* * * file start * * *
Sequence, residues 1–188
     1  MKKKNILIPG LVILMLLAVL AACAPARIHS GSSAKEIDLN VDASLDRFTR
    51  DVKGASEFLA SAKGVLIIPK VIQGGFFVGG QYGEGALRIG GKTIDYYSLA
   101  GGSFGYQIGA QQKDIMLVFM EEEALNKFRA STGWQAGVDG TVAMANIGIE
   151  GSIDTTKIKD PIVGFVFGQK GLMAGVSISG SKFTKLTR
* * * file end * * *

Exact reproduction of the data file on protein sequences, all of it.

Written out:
Sequence, residues 1–188
     1  MKKKNILIPG LVILMLLAVL AACAPARIHS GSSAKEIDLN VDASLDRFTR
    51  DVKGASEFLA SAKGVLIIPK VIQGGFFVGG QYGEGALRIG GKTIDYYSLA
   101  GGSFGYQIGA QQKDIMLVFM EEEALNKFRA STGWQAGVDG TVAMANIGIE
   151  GSIDTTKIKD PIVGFVFGQK GLMAGVSISG SKFTKLTR